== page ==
In other words, even after humans migrated southward because of inhospitable Ice Age climates, so apparently did the last Neanderthals in the Upper Paleolithic Period, and increasingly limited contact could have continued.

a model of a man showing what Neanderthals may have looked like

Image: Stefan Scheer/Wikipedia
A Neanderthal man could be mistaken for a troll.

Why the Scandinavian traditions preserved troll folklore best is a conundrum if actual archaeological Neanderthal presence is so elusive in Scandinavia. But even if verifiable Neanderthal artifacts are either ambiguous or conspicuous by their absence from Scandinavia, genomics may tell a different story. 

The human leukocyte antigen (HLA) Class 1 genes that are strongly associated with Neanderthals and are distinctly related to resistance to pathogens show at least for Neanderthal HLA-A-C haplotypes a much higher density around 3% in Scandinavia than the rest of continental Europe (with a higher percentage only in Northern Ireland and Scotland). Given the late medieval phenomenon of Danelaw and Viking Expansion (ca. ninth–11th century) when Scandinavian DNA permeated Eastern Britain and adjacent areas, this may make more sense than the dearth of Neanderthal artifacts in Scandinavia. 

Perhaps it is also helpful to remember that Glacial Ice Ages scraped clean much of continental Europe, so that the surviving archaeological Upper Paleolithic contexts from Aurignacian (about 40,000 B.P. to 28,000 B.P.), Solutrian (about 22,000 B.P. to 7,000 B.P.), and Magdalanian (about 17,000 B.P.  to 12,000 B.P.) periods and related artifact and cave art contexts from Chauvet, Lascaux, Altamira and other cave sites are found mostly fairly deep (or protected) below the glacially altered surface even to the south in France and Spain. 

Note that 10 – 15 meters of new subsequent loess is also estimated to have been deposited, for example, in loci in northern France from the last glaciation. How much more so might this be expected then in the more heavily glaciated North, where ice sheets were so much deeper and heavier and even more landscape altering? But even an earlier folkloric tradition that returns to its original northern roots when modern humans return cannot be dismissed outright. Thus, the possible hypothetical connection between Neanderthals as “trolls” or troglodytes remains sufficiently inviting.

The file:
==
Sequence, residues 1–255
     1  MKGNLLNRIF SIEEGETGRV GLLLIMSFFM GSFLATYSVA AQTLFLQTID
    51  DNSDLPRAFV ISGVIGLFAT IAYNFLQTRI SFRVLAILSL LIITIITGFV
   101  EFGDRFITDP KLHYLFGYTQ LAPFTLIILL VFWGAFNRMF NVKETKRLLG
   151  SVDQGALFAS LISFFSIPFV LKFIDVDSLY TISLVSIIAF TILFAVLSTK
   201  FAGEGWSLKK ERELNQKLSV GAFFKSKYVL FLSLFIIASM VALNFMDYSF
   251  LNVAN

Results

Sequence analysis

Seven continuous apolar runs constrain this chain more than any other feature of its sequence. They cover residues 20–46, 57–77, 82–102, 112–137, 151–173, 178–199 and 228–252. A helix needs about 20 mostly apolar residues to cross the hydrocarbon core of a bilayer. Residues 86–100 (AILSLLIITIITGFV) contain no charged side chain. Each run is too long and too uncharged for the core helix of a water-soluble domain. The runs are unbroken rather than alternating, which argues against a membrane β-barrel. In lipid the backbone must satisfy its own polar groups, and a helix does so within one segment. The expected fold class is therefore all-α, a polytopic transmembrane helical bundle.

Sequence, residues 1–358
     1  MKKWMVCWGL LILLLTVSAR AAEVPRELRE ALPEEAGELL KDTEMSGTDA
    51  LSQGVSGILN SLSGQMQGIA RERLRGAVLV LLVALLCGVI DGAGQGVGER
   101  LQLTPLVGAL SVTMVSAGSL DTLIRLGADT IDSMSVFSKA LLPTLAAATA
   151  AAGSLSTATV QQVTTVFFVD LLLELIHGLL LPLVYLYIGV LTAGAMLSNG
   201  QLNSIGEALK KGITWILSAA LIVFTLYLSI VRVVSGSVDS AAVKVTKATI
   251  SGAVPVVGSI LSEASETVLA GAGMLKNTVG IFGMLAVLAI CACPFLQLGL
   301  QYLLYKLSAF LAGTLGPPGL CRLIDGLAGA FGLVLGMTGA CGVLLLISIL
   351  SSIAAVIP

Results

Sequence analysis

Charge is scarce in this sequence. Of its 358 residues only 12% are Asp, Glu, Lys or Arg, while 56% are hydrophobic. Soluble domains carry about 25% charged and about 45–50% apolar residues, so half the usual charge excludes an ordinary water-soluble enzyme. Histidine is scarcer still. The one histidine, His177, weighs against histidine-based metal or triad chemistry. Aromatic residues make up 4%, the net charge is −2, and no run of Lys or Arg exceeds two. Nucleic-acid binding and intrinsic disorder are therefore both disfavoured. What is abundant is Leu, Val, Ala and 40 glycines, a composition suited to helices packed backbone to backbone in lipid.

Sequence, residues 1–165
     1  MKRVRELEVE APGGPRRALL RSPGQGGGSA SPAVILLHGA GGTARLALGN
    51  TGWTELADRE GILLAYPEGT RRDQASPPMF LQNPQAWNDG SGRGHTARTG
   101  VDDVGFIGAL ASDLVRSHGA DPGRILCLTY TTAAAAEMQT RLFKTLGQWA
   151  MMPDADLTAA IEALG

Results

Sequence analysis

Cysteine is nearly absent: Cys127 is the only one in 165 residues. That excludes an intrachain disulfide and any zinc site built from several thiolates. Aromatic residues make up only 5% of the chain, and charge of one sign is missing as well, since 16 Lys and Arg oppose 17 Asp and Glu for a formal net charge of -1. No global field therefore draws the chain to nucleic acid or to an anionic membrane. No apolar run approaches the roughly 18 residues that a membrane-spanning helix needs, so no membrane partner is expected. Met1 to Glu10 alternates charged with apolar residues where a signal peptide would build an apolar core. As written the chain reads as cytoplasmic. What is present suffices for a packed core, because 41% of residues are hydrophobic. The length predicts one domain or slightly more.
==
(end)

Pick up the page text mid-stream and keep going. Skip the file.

Perhaps an equally germane query is whether any human folklore traditions rendering relict Neanderthals as trolls can survive this long around 28,000 years? Arguments from silence notwithstanding, it remains to be seen whether such a connection has more than literary merit, but all good questions are worth asking if they lead to more definitive answers.

This article originally appeared in the July 23, 2021, issue of The Norwegian American.

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Patrick Hunt

Award-winning archaeologist, author, and National Geographic grantee Patrick Hunt earned his Ph.D. in Archaeology from the Institute of Archaeology, University College London, and has taught at Stanford University for nearly 30 years. Patrick directed the Stanford Alpine Archaeology Project from 1994 to 2012, and has continued project-related fieldwork in the region in the years since. His Alps research has been sponsored by the National Geographic Society, and he frequently lectures for National Geographic on Hannibal and the European mummy nicknamed Ötzi the Iceman. He is also a National Lecturer for the Archaeological Institute of America, as well as an elected Fellow of the Royal Geographical Society and the Explorers Club. He is the author of 21 published books, including the best-sellers Ten Discoveries That Rewrote History and Hannibal. He has a lifelong love of the Alps, having lived there for several months each year since 1994.